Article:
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PET/CT dual-mode scanners? That’s nothing. Soon we’ll have scanners that combine CT, PET, SPECT, conventional X-ray, MRI, ultrasound, optical imaging, even an endoscope and other probes.

So says Ge Wang, PhD, director of the Biomedical Imaging Division of the Virginia Tech-Wake Forest University School of Biomedical Engineering and Sciences. He is lead author of an article predicting the near-future advent of what he calls omni-tomography. We missed the article when it appeared in the open-access journal PLOS ONE back in June, but it’s definitely worth a look.

The article lays out the goal in reverential terms:

The holy grail of biomedical imaging is an integrated system capable of producing tomographic, simultaneous, dynamic observations of highly complex biological phenomena in vivo.

It sketches out two possible designs for such a “grail.” One would incorporate three rings: a C arm–like magnet; a middle ring containing an X-ray tube and detector array and a pair of SPECT detectors; and an outer ring for PET. The other builds on the design of a double doughnut-shaped MRI scanner.

The ability to do multiple scans at once would be incredibly useful, the authors say. “A single session imaging is important to study processes such as ischemia, drug interactions, radiation effects, apoptosis, and many others.”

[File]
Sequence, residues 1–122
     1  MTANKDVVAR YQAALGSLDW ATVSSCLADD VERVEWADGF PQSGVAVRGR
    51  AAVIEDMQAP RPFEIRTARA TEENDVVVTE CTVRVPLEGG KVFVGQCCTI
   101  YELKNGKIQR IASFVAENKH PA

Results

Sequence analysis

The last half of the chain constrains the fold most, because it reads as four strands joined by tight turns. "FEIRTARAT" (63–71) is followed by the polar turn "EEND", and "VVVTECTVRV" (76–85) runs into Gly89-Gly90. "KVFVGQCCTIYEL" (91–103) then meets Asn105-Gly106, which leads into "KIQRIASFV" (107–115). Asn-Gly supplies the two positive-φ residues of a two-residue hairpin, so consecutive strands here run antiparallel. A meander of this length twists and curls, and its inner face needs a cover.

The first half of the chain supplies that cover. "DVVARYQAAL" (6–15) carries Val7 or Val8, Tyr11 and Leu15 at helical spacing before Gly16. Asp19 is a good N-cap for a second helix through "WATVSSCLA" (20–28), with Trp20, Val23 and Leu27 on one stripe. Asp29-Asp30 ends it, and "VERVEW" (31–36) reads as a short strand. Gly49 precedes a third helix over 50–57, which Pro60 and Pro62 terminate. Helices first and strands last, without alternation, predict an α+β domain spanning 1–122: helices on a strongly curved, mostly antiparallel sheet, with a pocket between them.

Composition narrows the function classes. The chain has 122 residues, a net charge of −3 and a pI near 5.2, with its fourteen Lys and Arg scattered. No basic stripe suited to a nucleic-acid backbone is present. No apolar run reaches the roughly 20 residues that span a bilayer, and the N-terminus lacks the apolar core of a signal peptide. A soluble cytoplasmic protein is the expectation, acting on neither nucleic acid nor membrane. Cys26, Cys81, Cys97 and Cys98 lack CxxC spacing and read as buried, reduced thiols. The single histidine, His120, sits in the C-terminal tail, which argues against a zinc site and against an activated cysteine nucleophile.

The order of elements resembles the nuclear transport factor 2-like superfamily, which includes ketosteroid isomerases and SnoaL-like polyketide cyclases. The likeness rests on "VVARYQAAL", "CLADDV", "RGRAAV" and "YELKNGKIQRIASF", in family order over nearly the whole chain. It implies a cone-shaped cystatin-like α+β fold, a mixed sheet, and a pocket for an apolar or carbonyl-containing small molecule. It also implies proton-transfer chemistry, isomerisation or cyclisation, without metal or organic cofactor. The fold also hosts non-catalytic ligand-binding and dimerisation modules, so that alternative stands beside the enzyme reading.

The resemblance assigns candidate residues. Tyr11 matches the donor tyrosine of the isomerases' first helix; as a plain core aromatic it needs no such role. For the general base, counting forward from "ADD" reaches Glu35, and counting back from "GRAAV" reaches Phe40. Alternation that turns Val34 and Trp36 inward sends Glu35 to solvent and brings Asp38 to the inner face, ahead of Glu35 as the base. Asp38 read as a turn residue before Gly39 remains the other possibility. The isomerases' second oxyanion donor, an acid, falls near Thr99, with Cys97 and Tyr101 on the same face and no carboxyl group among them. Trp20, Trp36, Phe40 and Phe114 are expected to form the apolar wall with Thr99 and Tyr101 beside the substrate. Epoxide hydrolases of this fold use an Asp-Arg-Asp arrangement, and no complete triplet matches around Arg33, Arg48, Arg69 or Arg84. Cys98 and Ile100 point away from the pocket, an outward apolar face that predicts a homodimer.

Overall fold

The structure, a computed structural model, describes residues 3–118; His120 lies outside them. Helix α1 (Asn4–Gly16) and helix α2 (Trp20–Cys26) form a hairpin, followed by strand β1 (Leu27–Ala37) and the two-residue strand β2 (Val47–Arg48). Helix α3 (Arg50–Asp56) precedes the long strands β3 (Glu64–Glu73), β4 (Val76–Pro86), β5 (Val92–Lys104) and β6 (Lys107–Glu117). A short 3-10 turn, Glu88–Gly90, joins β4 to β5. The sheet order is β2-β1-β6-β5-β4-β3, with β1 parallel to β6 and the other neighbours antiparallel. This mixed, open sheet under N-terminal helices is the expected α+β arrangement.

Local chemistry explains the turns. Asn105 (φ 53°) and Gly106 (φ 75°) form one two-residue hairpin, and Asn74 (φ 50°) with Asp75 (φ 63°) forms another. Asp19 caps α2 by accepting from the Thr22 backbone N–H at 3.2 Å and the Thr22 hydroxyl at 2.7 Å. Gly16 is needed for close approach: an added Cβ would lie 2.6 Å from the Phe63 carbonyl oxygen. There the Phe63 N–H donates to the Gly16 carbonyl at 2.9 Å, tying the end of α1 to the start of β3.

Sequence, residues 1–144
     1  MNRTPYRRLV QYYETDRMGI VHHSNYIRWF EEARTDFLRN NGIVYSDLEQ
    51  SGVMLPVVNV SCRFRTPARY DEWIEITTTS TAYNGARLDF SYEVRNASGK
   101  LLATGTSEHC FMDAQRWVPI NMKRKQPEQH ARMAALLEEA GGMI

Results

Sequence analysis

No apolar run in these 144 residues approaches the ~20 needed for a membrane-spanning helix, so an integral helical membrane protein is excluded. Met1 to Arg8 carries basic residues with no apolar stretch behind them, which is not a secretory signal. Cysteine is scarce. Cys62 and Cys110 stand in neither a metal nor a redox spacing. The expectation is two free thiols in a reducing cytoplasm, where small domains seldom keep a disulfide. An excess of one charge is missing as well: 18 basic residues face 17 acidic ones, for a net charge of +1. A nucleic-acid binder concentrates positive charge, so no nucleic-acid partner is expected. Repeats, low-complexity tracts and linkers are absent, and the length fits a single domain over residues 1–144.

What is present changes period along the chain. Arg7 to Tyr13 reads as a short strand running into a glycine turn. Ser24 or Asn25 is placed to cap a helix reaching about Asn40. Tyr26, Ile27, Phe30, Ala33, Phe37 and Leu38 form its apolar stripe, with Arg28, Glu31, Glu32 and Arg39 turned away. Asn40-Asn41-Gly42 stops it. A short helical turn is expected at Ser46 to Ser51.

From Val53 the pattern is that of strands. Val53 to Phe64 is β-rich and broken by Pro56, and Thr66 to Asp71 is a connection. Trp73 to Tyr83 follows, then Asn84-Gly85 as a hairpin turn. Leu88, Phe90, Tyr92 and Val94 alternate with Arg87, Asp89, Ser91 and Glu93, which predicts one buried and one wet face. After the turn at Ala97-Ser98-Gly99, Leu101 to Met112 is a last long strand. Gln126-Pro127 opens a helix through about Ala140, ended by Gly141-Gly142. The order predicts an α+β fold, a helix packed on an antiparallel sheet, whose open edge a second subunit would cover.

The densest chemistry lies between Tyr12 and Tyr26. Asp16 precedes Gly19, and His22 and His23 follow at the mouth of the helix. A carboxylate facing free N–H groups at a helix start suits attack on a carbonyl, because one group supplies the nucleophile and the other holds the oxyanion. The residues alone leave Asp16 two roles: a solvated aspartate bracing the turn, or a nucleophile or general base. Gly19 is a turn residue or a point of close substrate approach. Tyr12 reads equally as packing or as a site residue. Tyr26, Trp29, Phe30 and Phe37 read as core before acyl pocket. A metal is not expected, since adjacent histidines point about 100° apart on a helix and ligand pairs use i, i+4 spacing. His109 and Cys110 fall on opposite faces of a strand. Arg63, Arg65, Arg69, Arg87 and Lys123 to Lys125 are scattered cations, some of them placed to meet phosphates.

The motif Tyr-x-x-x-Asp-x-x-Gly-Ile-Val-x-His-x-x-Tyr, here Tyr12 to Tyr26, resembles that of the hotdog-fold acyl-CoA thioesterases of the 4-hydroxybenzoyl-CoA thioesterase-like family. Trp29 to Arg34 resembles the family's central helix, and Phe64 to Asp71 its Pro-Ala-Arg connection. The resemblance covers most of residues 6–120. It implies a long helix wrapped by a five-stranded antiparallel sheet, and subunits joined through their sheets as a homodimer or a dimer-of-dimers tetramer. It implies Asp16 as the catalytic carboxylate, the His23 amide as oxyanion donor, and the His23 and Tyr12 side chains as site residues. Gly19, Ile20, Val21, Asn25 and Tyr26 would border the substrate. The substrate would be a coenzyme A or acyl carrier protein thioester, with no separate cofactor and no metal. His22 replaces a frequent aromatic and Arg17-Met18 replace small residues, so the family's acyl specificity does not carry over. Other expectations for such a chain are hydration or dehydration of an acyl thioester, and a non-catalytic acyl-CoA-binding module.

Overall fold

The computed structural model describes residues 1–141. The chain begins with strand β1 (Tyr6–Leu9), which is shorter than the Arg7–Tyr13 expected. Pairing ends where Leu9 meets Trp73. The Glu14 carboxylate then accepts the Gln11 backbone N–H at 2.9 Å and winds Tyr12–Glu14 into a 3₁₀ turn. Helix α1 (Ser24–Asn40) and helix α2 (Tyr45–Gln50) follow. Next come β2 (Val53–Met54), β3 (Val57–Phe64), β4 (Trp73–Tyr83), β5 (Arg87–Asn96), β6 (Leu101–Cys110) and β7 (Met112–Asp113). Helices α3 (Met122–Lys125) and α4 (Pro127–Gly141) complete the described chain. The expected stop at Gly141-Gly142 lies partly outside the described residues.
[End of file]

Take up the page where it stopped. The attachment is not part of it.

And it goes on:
Omni-tomography would be so effective in early screening for disease, cancer staging, assessment of the effectiveness of therapies, and other aspects of personalized medicine that the authors consider its development inevitable:

We can confidently expect that some form of omni-tomography is certain to be developed in the near future.

Dr. Wang points to the success of PET/CT scanners. “There are no longer any lone PET scanners,” he said, as quoted in a Virginia Tech news release. “Today, all are coupled with computed tomography scanners.”

The news release notes that Dr. Wang was an author of the first papers on spiral multislice/cone-beam CT (1991), bioluminescence tomography (2004), and interior tomography (2007). His prophecies carry some weight.

So we expect omni-tomography will come to pass. The article doesn’t address this, but such a scanner would raise reimbursement issues. Would all modes operate all the time or would some be turned off for simpler procedures? Would insurers reimburse for all modes or for only the ones deemed “necessary” for imaging, say, a broken leg?

It’s going to be interesting.

Related seminar: Computed Body Tomography: The Cutting Edge


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